There’s two parts to this best practice. The first is that if your APIs are held as abstracted Designs instead of code, with the technical details (e.g. payloads, parameters, and headers) held in associated Specification(s), applying governance rules becomes much easier to both bake-in and apply throughout the lifecycle (see later best practices for more on these).

The second is that if they are held as part of a holistic catalog. This type of catalog unifies all your APIs across different patterns, platforms, and lifecycle stages. A holistic catalog also captures and manages complexities that come with a mature API program:

  • API data mappings, orchestration, transformations
  • provider/consumer dependencies and lineage

… while also properly organized and classified, making it much easier to rationalize your API landscape. You gain insight and control into where they are, who owns them, who’s using them, where the flow of data is etc. Obviously, this is particularly helpful for the regulatory aspect of API governance we discussed earlier.

5. Build in data consistency through reusable domain models and components

Many large enterprises either have, or are working to move away from large clunky canonical models in API development. Instead, they’re adopting domain models of reusable data components to build in data consistency especially in the APIs’ payloads. in the SOA days). Developing APIs in this way is recommended because you are using approved model objects and resources which standardize enterprise information in predetermined structures. This helps with API governance at speed as it’s increasing standardization and reusability of your APIs, while bypassing the slow process of developers having to constantly define common structures over and over.

6. Apply governance at all stages of the API lifecycle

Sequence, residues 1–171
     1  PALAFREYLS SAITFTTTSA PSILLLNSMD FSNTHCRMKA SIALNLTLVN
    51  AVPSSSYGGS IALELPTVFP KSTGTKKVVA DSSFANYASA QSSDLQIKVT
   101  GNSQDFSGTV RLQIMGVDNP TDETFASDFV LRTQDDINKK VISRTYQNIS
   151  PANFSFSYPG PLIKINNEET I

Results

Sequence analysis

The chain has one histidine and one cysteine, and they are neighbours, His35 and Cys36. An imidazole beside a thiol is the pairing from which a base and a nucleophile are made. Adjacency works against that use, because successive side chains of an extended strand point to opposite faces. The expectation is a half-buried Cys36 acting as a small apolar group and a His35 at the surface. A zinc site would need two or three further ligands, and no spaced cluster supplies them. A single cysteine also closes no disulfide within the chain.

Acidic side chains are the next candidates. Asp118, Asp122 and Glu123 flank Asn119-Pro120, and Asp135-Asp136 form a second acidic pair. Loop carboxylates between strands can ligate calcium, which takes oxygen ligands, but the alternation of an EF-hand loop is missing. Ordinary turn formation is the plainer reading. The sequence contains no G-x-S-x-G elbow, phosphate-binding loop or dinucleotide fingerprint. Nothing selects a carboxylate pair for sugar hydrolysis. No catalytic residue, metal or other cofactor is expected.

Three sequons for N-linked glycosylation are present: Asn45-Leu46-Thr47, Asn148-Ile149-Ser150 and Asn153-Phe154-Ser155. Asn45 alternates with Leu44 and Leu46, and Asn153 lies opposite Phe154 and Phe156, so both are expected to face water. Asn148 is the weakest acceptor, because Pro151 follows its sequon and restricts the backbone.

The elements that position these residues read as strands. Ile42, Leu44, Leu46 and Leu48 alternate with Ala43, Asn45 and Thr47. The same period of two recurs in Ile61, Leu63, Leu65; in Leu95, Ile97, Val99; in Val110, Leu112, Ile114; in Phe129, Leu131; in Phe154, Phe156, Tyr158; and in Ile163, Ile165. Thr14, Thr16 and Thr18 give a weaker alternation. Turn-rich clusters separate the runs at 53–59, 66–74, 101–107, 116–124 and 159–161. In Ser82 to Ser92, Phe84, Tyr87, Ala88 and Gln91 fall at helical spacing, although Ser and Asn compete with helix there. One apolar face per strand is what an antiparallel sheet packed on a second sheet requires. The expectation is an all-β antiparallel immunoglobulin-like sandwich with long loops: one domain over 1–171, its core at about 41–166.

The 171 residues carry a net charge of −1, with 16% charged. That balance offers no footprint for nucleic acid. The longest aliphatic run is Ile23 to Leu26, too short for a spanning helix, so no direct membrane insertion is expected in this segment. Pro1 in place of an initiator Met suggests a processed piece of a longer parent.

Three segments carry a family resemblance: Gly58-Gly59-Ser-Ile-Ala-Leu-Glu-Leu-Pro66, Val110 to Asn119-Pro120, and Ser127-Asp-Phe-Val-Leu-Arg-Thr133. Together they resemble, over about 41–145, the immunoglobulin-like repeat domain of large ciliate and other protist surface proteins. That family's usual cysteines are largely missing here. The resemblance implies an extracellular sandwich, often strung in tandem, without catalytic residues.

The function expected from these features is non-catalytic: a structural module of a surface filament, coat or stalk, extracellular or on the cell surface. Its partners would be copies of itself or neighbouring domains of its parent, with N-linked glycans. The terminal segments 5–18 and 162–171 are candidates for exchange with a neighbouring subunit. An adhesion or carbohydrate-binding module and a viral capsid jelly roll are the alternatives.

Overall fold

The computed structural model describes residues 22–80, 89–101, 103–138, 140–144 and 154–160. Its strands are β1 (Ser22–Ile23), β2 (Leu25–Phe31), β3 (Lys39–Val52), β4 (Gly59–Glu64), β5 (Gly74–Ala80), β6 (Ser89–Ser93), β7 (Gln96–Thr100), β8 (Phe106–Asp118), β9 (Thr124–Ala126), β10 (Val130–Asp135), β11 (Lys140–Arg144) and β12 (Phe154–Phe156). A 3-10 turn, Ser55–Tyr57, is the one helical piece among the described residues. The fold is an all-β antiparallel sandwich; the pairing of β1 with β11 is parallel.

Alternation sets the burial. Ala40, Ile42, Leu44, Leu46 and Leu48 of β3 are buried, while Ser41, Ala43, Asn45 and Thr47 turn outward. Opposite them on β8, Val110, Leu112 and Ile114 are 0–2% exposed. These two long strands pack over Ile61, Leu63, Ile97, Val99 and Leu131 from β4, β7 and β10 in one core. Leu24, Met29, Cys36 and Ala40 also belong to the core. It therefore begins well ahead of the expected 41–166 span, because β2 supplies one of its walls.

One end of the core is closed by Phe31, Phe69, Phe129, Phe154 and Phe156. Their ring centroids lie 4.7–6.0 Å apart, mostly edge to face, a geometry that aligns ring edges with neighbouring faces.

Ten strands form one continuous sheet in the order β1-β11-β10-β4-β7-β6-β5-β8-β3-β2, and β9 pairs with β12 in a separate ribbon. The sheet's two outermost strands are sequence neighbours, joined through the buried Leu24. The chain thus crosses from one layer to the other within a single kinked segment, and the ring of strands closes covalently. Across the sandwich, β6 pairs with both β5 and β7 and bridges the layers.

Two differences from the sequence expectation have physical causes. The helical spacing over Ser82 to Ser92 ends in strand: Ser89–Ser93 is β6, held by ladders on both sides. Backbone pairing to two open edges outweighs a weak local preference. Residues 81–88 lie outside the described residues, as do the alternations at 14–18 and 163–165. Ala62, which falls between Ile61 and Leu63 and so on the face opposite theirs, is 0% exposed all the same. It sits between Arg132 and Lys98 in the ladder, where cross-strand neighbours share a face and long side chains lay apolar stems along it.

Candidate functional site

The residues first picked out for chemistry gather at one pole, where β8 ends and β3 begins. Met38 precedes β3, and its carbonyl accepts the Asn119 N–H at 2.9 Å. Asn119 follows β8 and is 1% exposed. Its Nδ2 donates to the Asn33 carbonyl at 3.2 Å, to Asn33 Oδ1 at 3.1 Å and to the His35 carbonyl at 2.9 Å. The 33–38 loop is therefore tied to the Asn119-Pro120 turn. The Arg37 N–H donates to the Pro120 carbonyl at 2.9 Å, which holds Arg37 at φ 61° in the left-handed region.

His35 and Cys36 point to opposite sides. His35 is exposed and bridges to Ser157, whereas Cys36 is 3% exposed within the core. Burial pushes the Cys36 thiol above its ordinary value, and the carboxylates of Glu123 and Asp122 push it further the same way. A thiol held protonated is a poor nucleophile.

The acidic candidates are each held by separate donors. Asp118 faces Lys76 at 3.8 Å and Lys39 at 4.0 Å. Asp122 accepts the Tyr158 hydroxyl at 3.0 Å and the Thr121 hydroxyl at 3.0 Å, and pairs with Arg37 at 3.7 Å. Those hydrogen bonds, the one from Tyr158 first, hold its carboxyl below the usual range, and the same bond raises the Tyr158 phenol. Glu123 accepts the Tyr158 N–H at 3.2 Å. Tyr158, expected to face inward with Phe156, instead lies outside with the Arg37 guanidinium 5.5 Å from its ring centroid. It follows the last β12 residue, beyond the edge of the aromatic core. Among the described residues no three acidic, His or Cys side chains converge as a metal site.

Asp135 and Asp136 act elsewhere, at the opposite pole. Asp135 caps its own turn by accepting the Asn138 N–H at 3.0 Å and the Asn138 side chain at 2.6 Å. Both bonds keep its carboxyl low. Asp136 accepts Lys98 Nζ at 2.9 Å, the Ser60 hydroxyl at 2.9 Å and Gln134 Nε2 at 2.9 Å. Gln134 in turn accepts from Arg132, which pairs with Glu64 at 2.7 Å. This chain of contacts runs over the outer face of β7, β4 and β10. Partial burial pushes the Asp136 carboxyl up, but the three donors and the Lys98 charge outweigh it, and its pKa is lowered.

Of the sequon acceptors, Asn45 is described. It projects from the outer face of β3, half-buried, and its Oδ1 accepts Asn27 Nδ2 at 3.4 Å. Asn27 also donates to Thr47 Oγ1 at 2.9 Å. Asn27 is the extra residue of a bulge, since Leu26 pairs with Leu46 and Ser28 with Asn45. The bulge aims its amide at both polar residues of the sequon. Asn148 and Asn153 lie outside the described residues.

API governance has traditionally had the tendency to cause roadblocks in development – when things have been overlooked early on but become a bigger issue later in the process. If you can ensure your API governance rules are applied at all stages of the lifecycle – especially if you’re shifting left to focus more on Plan, Design, Build, and Run – you’re going to prevent these roadblocks and help speed up time and volume to market, without sacrificing API quality.

7. Implement robust API versioning

APIs often need extending and/or modifying, or sometimes deprecating, and API versioning is therefore crucial to keeping track of this. It’s important to align all versions to your governance model and guardrails.

Governance can also help determine if a change is backward compatible or not, so it may be possible to enforce major version change if an API version is not backward compatible, and therefore prevent breakage when deployed and used by applications. Supporting major, minor, and patch versioning is best practice here.

8. Ensure your API governance rules are met before an API can be deployed

Deploying un-governed APIs, or APIs with governance violations, even into a sandbox environment, is detrimental for large enterprises; costing time and money and adding to the growing danger of shadow APIs. You want your enterprise’s API governance rules, as well as generic architectural type standards (e.g. OpenAPI Spec), to be validated against and any violations resolved while you’re still in design-time. Doing so ensures your APIs are complete, consistent, and compliant, and delight your internal and external consumers!

An example of this would be ensuring that your API has an appropriate security policy applied and all your defined “must” violations are addressed before it can be transitioned from UAT to Production environments. This is of course important for effective API security too, and with API attacks up by 400% in the last 6 months alone, security is now more important than ever.

9. Education and training to reframe the API governance mindset

It takes time to move away from the negative connotations of “big G” API governance, which is why it’s worth investing in educating stakeholders in your enterprise to the modern and mature approach of governance that’s automated, flexible, and democratized. You can do this in a formalized way such as establishing an API governance centre of excellence (CoE), by sharing the plethora of great governance resources now available internally, or by implementing API tooling that makes governance a breeze: the list really is endless. But it’s worthwhile demonstrating that governance done right delivers a genuine competitive advantage and accelerates digitization.


How ignite supports mature API governance for enterprises

Here at digitalML, we love all things API governance. By applying the 9 best practices we’ve discussed in this blog, your enterprise can go faster with market leading initiatives such as:

For the next step in your API governance maturity journey, here’s how our ignite Platform can help deliver automated, flexible, and democratized guardrails